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Biden’s ‘Green Energy Jobs’ Really Means ‘No Energy Jobs’ And ‘Low-Paying Energy Jobs’ – ‘Oil & gas workers make double that of wind & solar workers’

Throughout his campaign for president, Joe Biden promised Americans that his green energy policies would “create millions of good-paying jobs.” During stump speeches and debates, Biden assured Americans that by transitioning the country away from fossil fuels, workers in these industries will be able to assume new roles in our new “clean” economy.

All of this conjures images of oil and gas workers setting down their equipment in the tumbleweed-filled fields of the Permian Basin, then picking up a solar panel to install on a nearby roof, or hoisting themselves high above the ground on a wind turbine.

The idea that fossil-fuel workers can effortlessly move into a new job in renewables is overly simplistic and ignores the diverse and technical skills in America’s energy workforce. But perhaps most importantly, it ignores the significant pay gap between the sectors.

The shale revolution transformed our country into a net exporter of oil and gas, propelled us into energy independence, and is responsible for creating 2.8 million new jobs.

The average salary of oil and natural gas workers is approximately $112,000, more than double the national private-sector average of $51,000. But oil and gas workers don’t just make double that of the national average. They make double that of wind and solar workers.

According to data from the U.S. Department of Labor’s Bureau of Labor Statistics, in 2019 a worker installing solar panels made an average of a little more than $21 an hour. Workers in oil and gas extraction made more than twice as much, at an average of over $42 an hour.

In October 2020, the U.S. Department of Energy released a report that highlighted the important economic impact of the oil and gas industry. It referenced a finding from the Economic Policy Institute that “the oil and gas extraction industry has one of the highest indirect job multipliers,” in which one direct job leads to an additional 5.43 indirect jobs.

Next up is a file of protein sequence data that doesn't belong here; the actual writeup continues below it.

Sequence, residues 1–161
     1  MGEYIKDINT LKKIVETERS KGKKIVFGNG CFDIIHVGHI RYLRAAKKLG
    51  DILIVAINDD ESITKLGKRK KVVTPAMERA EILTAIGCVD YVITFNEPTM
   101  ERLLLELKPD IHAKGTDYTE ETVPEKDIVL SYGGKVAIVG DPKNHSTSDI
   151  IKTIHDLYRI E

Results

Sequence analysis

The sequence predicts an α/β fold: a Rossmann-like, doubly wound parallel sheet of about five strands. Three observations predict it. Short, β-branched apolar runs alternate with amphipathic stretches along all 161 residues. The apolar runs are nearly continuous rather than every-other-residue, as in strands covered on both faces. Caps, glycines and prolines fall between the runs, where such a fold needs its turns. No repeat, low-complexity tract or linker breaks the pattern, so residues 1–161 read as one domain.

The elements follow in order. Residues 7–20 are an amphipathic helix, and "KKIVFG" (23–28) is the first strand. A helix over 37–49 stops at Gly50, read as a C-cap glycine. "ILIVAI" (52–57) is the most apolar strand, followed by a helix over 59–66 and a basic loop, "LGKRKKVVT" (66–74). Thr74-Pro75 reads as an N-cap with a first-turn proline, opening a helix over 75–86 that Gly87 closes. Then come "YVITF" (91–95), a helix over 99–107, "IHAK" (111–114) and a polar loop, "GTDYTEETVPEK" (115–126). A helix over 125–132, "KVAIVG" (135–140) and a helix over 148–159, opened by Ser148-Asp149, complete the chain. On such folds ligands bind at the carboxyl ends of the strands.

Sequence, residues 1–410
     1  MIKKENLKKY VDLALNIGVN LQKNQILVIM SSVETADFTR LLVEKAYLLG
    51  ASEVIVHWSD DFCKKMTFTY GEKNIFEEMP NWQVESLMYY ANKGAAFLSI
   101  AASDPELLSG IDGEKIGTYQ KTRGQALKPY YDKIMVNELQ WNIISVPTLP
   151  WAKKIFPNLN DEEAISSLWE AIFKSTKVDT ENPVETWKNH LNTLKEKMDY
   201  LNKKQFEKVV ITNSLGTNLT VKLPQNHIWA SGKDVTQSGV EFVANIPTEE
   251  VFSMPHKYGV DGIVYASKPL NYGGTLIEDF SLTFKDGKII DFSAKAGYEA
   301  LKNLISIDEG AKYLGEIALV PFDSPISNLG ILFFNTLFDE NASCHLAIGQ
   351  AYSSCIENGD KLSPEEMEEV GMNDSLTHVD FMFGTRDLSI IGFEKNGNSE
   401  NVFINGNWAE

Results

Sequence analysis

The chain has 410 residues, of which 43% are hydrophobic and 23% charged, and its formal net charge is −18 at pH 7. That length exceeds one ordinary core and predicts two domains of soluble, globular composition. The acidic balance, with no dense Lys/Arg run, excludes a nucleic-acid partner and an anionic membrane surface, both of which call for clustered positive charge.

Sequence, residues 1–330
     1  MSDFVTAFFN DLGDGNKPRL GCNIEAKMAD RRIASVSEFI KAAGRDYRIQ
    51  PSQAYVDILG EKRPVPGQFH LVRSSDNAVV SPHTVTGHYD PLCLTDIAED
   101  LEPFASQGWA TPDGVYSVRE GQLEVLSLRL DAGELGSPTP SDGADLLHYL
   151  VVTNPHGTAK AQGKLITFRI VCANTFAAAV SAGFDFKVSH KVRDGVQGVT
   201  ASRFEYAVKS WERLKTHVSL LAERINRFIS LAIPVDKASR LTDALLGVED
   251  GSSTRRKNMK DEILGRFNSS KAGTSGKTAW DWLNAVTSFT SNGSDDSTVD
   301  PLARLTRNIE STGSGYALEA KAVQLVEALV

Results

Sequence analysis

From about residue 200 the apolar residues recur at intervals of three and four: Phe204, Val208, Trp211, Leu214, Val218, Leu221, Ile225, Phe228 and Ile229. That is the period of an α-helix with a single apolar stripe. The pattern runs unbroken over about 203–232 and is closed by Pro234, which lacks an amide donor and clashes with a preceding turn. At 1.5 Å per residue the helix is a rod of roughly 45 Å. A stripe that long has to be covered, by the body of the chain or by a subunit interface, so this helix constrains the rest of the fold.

None of this is lost on America’s labor unions. Last July, the North America’s Building Trades Union issued two studies that assessed construction opportunities and job quality in the energy sector. NABTU President, Sean McGarvey, relayed the facts:

The research confirms what our members tell us: the career opportunities for renewables are nowhere near what they are in gas and oil, and domestic energy workers highly value the safety, reliable duration, and compensation of oil and gas construction jobs.

Despite all this, in some of his earliest acts after being sworn in, President Biden has begun efforts to dismantle the fossil fuel industry and eliminate the high-paying jobs that come with it.

Biden has made the United States rejoin the Paris climate agreement, halted oil and gas development on federal lands, and canceled the Keystone XL pipeline. Keystone XL developer TC Energy has said that canceling the project will immediately lead to the elimination of 1,000 jobs in the coming weeks, the majority of which are unionized workers in the building trades.

Indeed, Biden canceled Keystone XL even after the developer promised to use renewables to power the pipeline and achieve net-zero emissions. It would seem the Biden energy agenda is so blinded by its detest for oil and gas that even a net-zero emissions project isn’t good enough to save it.

Make no mistake, workers in the oil and gas industry should be gravely concerned. Even if they can maintain a paycheck and eventually change careers and work in renewables, they can expect a much smaller salary.

For the past year, we’ve heard Democrats, media know-it-alls, and Big Tech tycoons extolling the virtues of fighting “misinformation” and the importance of “facts.” But it seems like facts and data only matter to them when they fit into their leftist agenda.

The Biden slogan may be “Build Back Better.” The relevant question is: “Better for who?”

Mike Pasko is a former Bush 43 and Trump Administration appointee. Most recently, he served at the U.S. Department of Energy as Associate Deputy Assistant Secretary for Intergovernmental & External Affairs, as well as a Senior Advisor in the Office of Policy